One of the four organizations allowed to directly solicit Salt Lake County employees for donations may be getting the boot because its administrative costs are too high.
Community Shares, a nonprofit fund-raising group, has been soliciting county employees in the Charitable Giving Campaign since 1990. Groups like the Homeless Children's Foundation, People With Aids Coalition and Rocky Mountain Search Dogs, all under the umbrella of Community Shares, were able to solicit about 4,000 county employees."These are agencies that would be nowhere without the help from Community Shares," said Lynne Brandley, director of Community Shares.
On Monday, the Salt Lake County Executive Council, an advisory board to the County Commission, voted to recommend the county sever its six-year tie to Community Shares.
A county ordinance sets a 25 percent limit for administrative costs for any group soliciting county employees. The way county officials look at the numbers, Community Shares spent more than 37 percent of its budget on administrative costs last year - printing and distributing pamphlets, paying an accountant and paying Brandley a $30,000 salary.
Brandley said it's a difference of interpretation. She contends the organization is well under the county limit - at about 15 percent of its budget for administrative costs.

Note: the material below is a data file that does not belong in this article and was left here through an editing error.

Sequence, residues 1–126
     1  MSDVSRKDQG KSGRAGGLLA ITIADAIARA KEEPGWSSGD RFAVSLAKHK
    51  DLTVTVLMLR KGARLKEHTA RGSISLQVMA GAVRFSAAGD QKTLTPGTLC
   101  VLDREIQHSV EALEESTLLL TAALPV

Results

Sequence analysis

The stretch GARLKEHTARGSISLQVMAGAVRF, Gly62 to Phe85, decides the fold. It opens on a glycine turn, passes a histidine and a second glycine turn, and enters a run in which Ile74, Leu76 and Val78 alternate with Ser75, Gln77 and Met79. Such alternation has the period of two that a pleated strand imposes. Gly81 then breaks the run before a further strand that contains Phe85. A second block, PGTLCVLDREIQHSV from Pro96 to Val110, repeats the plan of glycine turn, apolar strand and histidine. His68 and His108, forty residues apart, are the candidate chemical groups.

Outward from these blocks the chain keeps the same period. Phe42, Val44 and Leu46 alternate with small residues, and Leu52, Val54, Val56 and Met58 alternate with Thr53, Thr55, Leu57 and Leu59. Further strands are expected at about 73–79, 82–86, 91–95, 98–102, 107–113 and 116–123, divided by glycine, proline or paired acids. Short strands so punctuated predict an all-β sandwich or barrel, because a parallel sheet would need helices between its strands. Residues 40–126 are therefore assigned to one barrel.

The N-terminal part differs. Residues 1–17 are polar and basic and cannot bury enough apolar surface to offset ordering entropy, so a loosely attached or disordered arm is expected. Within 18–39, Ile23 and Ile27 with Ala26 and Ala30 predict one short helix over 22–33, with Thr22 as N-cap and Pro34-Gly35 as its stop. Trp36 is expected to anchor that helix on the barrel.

"They're lumping printing costs and accounting costs into administrative. All we do in Community Shares is fund-raise. We have no assets," said Brandley, who runs the program from her home. "If the county bans us, this is a big hurt for us."
Four organizations were authorized to solicit employees.
In 1996, 211 employees pledged $14,779 to the United Way, 89 employees pledged $5,772 to Community Shares, 139 employees pledged $7,527 to the Blue Cross/Blue Shield Caring Program and 55 employees pledged $3,387 to United Health Appeal.
In the past, county employees could check a box and the money, deducted from their paychecks or given directly, went to one of the more than 20 organizations under the umbrella of Community Shares.
Last year, the organization collected about $6,000 of its $166,000 worth of pledges from Salt Lake County employees. The money went to 22 organizations. This year, nine more organizations have been added to the list.
Brandley said the administrative costs and her salary are the bare minimums and that the whole process is a "vehicle to get money to the agencies."